Here’s another scenario: you work in HVAC or electrical, and you’re on a job where you don’t have access to the building’s original electronic drawing files. So long as you have a hard-copy print out of the original layouts, you’re golden. Use your iPad to snap a photo of the hard-copy drawing, open that pic in Vectorize It, and then bring the converted file into AutoCAD 360, where you can add your layout over the top.

These are only two of any number of ways you could use Vectorize It while you work. What would you use it for? We want to know! Download it now for free and then tell us how you would use it in your industry in the comments below—if we get a handful of particularly juicy examples, we’ll showcase them in a future post.




Free vs Pro: Which AutoCAD 360 is right for you?


If you’ve been following this blog for a while now, you know there’s a ton that you can do with the free AutoCAD 360—you can open, view, markup, edit, and share CAD drawings, you can collaborate in real time on site and from the office, and more.

You can use the free version of AutoCAD 360 as much as you like, forever. But maybe you’ve been curious about what kinds of enhanced functionality you might get out of using AutoCAD 360 Pro or Pro Plus. Today, we break down the different scenarios that match up best with each product so you can decide for yourself which plan is right for you.

The FREE version of AutoCAD 360 is right for you if:

  • You want the ability to open and view drawings from any device
  • You want to be able to document any issues or problems you find on-site with photos or a note
  • You’re looking for a lightweight tool for viewing and approving drawings
  • You’re not super comfortable on CAD but still want the ability to make a quick sketch
  • You need to share drawings with multiple people on a small team
  • You want to be able to store and access files using external storage providers
  • You mostly deal with smaller file sizes 

The PRO version of AutoCAD 360 is right for you if:

  • You need to open more complex drawings that require larger file size support
  • You want the ability to create original drawings from scratch on your phone or tablet while you’re out in the field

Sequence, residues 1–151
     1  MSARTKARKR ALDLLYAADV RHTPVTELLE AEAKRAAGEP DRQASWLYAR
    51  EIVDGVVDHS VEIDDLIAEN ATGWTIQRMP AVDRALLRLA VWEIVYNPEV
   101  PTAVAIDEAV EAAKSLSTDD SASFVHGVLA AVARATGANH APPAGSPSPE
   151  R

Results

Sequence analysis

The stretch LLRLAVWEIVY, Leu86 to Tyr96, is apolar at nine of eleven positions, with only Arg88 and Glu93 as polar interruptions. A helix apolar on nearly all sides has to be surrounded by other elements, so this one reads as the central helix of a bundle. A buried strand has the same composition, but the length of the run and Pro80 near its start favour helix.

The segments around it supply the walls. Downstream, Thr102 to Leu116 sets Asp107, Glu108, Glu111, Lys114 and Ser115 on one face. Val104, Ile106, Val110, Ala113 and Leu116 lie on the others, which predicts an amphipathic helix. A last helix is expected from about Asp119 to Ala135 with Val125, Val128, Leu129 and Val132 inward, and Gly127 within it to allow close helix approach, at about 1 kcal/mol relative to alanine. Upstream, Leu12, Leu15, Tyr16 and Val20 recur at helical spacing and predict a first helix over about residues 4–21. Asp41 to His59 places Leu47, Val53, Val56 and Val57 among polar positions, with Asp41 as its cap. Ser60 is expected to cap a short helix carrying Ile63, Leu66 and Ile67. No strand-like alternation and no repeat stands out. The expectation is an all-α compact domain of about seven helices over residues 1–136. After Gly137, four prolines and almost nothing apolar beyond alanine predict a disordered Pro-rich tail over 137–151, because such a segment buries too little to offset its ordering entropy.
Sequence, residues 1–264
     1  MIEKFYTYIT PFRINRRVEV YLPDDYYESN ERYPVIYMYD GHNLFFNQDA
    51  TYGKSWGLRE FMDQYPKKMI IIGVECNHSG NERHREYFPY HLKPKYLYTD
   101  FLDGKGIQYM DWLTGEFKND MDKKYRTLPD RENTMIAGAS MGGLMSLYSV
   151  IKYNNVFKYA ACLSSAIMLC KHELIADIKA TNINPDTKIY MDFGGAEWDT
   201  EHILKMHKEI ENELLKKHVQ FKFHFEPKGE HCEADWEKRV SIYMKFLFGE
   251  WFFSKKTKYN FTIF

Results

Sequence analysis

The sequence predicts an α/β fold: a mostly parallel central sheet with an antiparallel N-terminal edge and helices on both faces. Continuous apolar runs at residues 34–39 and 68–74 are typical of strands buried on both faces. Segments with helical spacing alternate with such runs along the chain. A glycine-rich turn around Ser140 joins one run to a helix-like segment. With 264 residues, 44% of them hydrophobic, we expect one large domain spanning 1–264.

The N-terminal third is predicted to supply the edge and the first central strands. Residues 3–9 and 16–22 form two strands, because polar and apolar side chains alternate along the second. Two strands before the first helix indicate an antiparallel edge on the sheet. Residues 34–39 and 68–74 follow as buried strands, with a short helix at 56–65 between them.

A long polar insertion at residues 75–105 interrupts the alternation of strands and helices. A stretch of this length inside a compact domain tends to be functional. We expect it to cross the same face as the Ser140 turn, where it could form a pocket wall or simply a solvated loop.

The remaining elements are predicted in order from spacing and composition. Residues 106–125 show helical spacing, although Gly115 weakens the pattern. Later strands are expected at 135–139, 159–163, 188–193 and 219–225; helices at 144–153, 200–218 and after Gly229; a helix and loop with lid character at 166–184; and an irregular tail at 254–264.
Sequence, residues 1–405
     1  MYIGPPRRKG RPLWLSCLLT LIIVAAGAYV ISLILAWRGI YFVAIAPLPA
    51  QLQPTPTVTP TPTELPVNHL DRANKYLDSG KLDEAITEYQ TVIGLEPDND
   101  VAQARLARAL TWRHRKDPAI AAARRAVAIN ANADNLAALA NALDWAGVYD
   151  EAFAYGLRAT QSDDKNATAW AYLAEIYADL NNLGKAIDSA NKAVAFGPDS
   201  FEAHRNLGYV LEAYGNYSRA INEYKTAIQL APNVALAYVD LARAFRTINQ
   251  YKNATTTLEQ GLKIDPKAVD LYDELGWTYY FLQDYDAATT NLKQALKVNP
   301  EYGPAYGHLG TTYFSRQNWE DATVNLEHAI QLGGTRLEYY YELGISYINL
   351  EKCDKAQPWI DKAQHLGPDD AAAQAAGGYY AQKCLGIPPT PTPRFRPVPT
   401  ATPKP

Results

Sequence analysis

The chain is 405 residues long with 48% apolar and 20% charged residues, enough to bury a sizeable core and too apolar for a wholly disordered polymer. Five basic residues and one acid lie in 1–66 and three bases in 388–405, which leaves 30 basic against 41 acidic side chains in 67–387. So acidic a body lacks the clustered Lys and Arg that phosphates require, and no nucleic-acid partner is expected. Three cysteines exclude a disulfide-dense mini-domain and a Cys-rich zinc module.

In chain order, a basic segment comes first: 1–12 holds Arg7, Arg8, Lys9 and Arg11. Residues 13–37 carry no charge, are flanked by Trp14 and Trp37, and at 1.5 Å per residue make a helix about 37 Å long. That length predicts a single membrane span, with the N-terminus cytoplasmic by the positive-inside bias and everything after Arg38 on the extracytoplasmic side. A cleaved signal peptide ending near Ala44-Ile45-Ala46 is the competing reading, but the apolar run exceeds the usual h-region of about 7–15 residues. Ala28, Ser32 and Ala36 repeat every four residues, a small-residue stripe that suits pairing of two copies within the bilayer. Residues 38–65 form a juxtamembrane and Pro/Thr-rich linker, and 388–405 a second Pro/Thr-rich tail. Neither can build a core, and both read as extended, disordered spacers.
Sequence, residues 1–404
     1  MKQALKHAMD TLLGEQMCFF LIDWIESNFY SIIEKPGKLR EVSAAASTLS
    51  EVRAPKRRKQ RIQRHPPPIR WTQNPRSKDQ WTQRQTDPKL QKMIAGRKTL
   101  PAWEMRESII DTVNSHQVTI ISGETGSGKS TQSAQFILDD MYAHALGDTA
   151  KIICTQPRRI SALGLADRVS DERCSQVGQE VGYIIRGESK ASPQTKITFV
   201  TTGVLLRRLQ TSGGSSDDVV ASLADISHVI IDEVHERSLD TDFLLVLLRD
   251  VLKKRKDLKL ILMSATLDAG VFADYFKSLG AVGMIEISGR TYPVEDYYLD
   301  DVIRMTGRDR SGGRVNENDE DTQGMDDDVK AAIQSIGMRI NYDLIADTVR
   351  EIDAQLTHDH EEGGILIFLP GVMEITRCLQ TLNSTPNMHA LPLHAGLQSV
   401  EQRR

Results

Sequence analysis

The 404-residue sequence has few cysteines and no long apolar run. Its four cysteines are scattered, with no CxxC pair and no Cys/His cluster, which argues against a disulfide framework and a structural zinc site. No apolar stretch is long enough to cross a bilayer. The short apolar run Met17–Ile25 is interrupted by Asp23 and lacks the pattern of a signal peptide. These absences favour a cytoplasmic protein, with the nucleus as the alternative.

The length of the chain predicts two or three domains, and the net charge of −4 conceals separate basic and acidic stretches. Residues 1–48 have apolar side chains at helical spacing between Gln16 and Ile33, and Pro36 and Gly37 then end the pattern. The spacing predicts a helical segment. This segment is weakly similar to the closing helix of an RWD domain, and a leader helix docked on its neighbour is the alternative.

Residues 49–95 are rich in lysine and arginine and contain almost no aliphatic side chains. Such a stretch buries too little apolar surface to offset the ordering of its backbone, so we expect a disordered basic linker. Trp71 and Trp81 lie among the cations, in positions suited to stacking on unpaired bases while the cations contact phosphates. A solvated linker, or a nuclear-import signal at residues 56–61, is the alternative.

• You know your way around AutoCAD 360 and are comfortable working in it, whether it’s on an iPad in the field or at your office, drawing with a stylus
  • You want the ability to make significant edits to drawings on a regular basis
  • You work across multiple trades—like mechanical, electrical, and plumbing—and need advanced layering tools to work with different items on different layers of your drawings
  • You want to browse and drop in particular symbols or objects you use all the time from an object library
  • You like having the ability to make changes on the go and on-site
  • You want to be able to edit back and forth with third party storage providers
  • You work on project-based jobs and want access to advanced drawing, editing, and layering tools on a month-to-month basis (with the Pro plan, you can pay monthly, turn your subscription on and off as needed, and assign the cost to a particular project)
  • Cashflow isn’t an issue, you think you’ll use AutoCAD 360 all the time, and want to take advantage of slightly better pricing (with the Pro plan, you can pay annually and realize some savings

AutoCAD 360 PRO PLUS is right for you if:

  • You want all of the features of AutoCAD 360 PRO and are collaborating with a large team, have expanded storage needs, and are dealing with very intricate drawings
  • The drawings you’re dealing with are highly detailed and elaborate, and you want the peace of mind that you’ll always have enough storage space and easy access to the largest file sizes when you’re out in the field (better to be safe than sorry!)


So have you made up your mind which version of AutoCAD 360 makes the most sense for you? If you’re ready to get started, download the free app now. And be sure to check out theour series on how to improveing project efficiency at every stage of a project with AutoCAD 360 series about how to use AutoCAD 360 at every stage of a project (no matter which version you choose). We’ll be back next week with more tips and tricks, so check back soon!